By Wayne’s own account he started rapping at age eight 2, writing his first song in the summer of 1991. It was around this same time he became introduced to Bryan Williams, born Bryan Brooks, who happened to be a friend of Carter’s mother. “Birdman,” on whose name I put the utmost “respek,” was working on putting together a label alongside his brother Ronald “Slim” Williams that would capitalize on the bounce subgenre of hip-hop that was rapidly becoming prevalent in the New Orleans nightclub scene. He convinced friend and local DJ Mannie Fresh to become the label’s in-house producer and signed various teenage talents from the New Orleans underground to what would become Cash Money Records.3 Upon discovering what Williams did professionally, a young Carter began calling Birdman frequently, expressing his interest in becoming a rapper and often leaving freestyle verses for Williams to find later on his voicemail. Wayne, who was enrolled in the gifted program of Lafayette Elementary School and the drama club of Eleanor McMain Secondary School, was very talented for his age and Birdman could see he had potential; so, much to the dismay of Carter’s mother, Williams agreed to take the young Weezy under his wing at age nine becoming a mentor and father figure to Wayne over the course of his career. In these early years Birdman was careful about cultivating Wayne’s talent, requiring him to stay in school, and allowing him to occasionally provide features on tracks distributed by Cash Money Records under his original stage name “D Baby.”
After a few years of cutting his teeth Wayne signed his name on the dotted line for the first time at age eleven. A year later he would be given the opportunity at his first full-length project alongside fellow Cash Money signee, fourteen-year-old B.G., who was rapping under the moniker Lil Doogie. The duo released True Story, entirely produced by Mannie Fresh, in the summer of 1995 under the group name “The B.G.’z” (Baby Gangsta’s), moving a respectable twenty thousand units in total. Presumably impressed with the success of the duo, Birdman paired them together with nineteen-year-old up-and-comer Turk, and the label’s most successful act, a twenty year old Juvenile, to form Cash Money’s first supergroup “The Hot Boys” (Sometimes styled as “The Hot Boy$”). Two years later, in 1997, Wayne, who was an honors student at Marion Abramson Senior High, would drop out of school at the age of fourteen to pursue music full time; The Hot Boys debut Get It How You Live! was released in the same year selling four-hundred thousand units throughout the south, predominantly in New Orleans, Mississippi, Alabama, Florida, Texas, and Georgia, as the region began to make a name for itself in hip-hop.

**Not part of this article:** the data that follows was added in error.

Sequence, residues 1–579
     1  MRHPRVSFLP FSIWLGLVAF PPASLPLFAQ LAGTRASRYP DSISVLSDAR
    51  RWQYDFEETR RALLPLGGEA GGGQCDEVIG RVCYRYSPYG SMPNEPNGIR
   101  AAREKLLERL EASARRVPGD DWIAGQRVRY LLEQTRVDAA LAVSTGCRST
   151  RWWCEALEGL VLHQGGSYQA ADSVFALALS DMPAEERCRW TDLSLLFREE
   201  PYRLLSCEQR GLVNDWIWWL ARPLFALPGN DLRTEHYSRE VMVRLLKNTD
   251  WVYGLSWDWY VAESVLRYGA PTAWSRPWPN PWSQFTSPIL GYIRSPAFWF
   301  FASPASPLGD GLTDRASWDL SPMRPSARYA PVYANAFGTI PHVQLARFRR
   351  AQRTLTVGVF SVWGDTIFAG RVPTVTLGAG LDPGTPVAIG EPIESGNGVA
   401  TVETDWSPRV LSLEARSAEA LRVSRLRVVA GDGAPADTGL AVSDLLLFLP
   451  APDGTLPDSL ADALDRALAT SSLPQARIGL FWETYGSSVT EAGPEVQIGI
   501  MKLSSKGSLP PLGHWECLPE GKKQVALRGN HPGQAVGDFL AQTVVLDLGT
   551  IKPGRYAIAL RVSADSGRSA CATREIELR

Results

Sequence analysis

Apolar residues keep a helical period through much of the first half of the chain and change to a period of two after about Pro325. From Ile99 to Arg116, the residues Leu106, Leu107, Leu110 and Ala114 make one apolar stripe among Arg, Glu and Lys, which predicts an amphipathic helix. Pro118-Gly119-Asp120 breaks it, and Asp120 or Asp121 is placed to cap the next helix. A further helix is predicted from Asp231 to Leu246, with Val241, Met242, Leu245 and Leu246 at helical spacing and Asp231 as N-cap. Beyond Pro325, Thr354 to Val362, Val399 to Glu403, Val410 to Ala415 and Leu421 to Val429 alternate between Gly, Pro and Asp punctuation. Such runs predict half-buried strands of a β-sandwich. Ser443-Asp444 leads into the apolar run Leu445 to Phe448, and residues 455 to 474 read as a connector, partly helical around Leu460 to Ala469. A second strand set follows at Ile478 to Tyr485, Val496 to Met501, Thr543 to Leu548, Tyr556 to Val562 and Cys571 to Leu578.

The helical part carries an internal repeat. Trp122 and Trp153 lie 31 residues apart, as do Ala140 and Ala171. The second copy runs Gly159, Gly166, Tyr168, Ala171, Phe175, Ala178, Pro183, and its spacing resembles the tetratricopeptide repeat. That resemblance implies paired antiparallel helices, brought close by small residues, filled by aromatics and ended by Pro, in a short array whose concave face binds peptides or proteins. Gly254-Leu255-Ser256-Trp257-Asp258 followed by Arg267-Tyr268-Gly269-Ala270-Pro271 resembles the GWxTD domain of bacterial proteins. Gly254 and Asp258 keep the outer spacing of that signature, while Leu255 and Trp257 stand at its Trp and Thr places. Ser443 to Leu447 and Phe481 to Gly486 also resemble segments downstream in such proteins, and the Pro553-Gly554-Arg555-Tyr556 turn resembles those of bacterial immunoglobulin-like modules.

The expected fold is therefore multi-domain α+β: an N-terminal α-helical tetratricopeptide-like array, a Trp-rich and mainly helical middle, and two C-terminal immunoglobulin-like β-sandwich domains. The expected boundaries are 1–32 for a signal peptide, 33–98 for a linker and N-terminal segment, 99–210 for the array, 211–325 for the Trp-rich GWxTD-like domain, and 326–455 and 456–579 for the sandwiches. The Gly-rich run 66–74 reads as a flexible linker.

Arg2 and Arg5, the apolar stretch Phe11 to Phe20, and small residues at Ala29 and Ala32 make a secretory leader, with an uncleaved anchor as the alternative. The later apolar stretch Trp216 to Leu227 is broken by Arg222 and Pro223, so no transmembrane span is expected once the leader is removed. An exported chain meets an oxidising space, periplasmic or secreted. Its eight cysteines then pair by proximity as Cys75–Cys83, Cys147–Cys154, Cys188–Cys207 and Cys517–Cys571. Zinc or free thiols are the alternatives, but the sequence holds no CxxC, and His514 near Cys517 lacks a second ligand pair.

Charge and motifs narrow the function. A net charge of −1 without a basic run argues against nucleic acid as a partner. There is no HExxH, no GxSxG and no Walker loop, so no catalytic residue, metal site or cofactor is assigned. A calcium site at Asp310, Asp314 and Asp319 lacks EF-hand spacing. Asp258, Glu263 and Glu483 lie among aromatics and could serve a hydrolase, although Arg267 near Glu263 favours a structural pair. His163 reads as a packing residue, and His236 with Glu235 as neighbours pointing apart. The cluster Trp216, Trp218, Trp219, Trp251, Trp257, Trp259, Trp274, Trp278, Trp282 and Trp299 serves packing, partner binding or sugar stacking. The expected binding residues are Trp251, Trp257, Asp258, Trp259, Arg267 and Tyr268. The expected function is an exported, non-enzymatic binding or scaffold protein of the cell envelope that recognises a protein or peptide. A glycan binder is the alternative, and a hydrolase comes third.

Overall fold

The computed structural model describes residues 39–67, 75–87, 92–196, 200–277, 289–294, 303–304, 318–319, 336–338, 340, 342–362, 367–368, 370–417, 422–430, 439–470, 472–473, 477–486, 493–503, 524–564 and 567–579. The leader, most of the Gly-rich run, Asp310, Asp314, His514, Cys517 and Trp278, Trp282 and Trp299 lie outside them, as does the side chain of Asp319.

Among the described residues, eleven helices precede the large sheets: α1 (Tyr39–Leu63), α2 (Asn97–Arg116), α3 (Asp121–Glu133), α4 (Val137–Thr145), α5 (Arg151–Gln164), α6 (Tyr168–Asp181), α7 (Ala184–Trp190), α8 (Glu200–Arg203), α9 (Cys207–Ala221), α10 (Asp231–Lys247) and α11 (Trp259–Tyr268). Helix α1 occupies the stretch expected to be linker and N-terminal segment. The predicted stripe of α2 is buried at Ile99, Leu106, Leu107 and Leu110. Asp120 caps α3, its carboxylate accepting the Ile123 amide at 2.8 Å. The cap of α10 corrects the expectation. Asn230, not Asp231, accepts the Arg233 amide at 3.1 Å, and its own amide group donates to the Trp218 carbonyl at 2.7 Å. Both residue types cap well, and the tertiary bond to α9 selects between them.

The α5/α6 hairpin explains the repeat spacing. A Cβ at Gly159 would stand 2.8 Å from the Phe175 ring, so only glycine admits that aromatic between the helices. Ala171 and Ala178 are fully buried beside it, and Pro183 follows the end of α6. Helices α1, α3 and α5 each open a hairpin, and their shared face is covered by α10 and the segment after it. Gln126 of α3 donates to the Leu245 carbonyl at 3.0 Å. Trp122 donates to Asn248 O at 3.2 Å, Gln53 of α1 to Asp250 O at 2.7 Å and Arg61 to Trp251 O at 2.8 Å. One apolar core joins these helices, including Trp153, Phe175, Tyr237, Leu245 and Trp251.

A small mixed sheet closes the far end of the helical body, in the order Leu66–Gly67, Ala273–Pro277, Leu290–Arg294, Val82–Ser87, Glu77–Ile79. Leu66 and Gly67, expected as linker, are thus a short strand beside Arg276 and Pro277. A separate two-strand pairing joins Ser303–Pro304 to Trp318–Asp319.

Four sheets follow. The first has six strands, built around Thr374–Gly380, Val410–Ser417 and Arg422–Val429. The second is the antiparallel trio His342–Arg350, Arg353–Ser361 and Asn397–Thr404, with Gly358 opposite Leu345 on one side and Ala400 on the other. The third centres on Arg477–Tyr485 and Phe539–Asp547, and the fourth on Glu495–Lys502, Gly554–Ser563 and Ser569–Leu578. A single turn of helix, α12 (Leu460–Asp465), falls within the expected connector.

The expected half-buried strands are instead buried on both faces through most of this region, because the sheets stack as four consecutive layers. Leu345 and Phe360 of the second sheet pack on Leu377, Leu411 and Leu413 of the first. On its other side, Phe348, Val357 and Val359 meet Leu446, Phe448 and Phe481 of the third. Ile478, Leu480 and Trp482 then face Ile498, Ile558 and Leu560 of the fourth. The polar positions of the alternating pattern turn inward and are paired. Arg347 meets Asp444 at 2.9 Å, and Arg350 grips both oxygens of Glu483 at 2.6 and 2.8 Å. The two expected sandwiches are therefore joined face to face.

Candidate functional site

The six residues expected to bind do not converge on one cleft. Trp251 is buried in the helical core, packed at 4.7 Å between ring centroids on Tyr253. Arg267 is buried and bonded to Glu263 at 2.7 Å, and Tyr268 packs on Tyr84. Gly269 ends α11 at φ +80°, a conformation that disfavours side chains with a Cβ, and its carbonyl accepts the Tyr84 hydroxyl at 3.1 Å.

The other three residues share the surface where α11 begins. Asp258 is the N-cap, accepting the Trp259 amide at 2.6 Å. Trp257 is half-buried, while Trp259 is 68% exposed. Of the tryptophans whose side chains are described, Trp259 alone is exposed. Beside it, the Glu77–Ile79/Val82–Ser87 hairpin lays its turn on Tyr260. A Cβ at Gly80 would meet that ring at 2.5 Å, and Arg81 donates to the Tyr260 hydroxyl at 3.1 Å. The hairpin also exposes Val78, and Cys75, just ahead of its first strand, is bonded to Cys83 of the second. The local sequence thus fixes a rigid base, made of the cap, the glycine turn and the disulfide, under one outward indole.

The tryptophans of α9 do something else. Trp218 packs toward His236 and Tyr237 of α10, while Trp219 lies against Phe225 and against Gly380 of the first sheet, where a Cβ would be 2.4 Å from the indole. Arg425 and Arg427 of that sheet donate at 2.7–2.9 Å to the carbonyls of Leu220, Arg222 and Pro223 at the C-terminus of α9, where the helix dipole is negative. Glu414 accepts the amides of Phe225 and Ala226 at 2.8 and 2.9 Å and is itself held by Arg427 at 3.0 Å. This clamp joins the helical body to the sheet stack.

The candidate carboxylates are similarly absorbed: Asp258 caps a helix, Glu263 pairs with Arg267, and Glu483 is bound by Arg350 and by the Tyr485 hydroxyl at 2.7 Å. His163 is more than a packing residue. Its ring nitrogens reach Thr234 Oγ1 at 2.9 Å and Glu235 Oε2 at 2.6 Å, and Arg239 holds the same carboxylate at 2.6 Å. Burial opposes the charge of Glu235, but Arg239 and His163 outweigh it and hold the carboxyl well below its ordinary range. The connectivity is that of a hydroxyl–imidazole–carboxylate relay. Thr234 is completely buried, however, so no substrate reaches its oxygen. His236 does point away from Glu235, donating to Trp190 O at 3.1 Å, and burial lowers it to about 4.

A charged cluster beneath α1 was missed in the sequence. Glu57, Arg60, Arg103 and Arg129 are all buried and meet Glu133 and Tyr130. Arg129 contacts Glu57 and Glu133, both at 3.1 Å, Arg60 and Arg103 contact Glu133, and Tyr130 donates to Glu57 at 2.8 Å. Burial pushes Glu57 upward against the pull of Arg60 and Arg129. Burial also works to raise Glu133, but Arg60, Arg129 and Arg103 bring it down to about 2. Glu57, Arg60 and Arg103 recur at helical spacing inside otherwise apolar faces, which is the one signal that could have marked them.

After another two-year gestation period The Hot Boys would return with their follow up and final effort, barring a compilation album of unreleased tracks recorded between 1999 and 2000 that came out in 2003, Guerrilla Warfare, which rose to number one on Billboard’s Top R&B/Hip-Hop charts and earned the group a platinum certification. The success of Guerrilla Warfare was lucrative for everyone involved, including the label who were able to secure a thirty million dollar deal with Universal Records; but more importantly it finally positioned Wayne to step out and make his solo debut. An opportunity he capitalized on three months later with Tha Block Is Hot. TBIH debuted at number one on Billboard’s Top R&B/Hip-Hop charts and went on to sell over 1,400,000 units, earning Dwayne Carter his first solo, and second career, RIAA Platinum Plaque aged only seventeen. With this project he marked the official start of one of hip-hop’s most influential careers.
Now, that you’ve all sat through my prerequisite hip-hop history lecture, we can share a common baseline regarding the origins of Lil Wayne’s career in music. With this synchronized starting point in mind, let’s look at Wayne’s productivity over the last twenty-one years through an analytical lens and collect a few statistics to aid in visualizing Carter’s unrivaled work ethic. MCs simply don’t come much more productive than Weezy; the prolificacy and breadth of his work is unprecedented. According to the crediting database on allmusic.com, Wayne has released a staggering 45 long form projects over the course of his career at an average of 2.14 releases a year.4 I’m sure I don’t need to emphasize how impressive this is in the modern climate, but the same was true in the early 2000s when Wayne was really gearing up. His closest contemporary in terms of consistency during this time was Sean “Jay-Z” Carter, who dropped every year; meanwhile Wayne was busy dropping every season. In both 2002 and 2003, Dwayne Carter would release his career high of five full length projects in each year, followed by three projects in 2004 and four projects in 2005 to reach seventeen long form releases across the four-year time span. These weren’t suboptimal projects, either; Wayne was laying the foundations for what would become his legacy, with seminal franchises like the gritty street influenced Da Drought which would see two sequels, Wayne’s signature sample series The Dedication (which has now surpassed six volumes), and of course the first two installations of his flagship collection Tha Carter and Tha Carter II. Wayne would go on to hit the “three albums annually” mark three more times over the course of his career in the years of 2013, 2015, and 2017; to this date having released at least one full length project in every single calendar year except 2019, 2016, and 2001.